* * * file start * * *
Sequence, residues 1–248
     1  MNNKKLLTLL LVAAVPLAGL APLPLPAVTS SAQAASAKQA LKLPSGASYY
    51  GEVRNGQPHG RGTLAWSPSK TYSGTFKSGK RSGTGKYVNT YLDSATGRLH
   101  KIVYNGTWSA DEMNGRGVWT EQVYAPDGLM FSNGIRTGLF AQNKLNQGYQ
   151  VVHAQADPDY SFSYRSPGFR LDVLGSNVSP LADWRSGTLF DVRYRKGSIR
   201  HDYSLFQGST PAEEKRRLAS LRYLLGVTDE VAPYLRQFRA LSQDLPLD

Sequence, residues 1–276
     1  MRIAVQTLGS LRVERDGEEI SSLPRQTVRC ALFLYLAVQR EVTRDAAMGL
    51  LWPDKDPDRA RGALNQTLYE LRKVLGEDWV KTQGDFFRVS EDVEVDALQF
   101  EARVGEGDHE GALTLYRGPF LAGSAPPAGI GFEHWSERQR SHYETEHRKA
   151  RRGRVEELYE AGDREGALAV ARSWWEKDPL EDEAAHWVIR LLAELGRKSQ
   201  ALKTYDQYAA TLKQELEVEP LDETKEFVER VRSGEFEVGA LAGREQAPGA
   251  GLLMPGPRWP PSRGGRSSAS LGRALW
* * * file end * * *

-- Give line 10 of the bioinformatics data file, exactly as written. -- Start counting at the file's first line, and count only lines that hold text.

   101  EARVGEGDHE GALTLYRGPF LAGSAPPAGI GFEHWSERQR SHYETEHRKA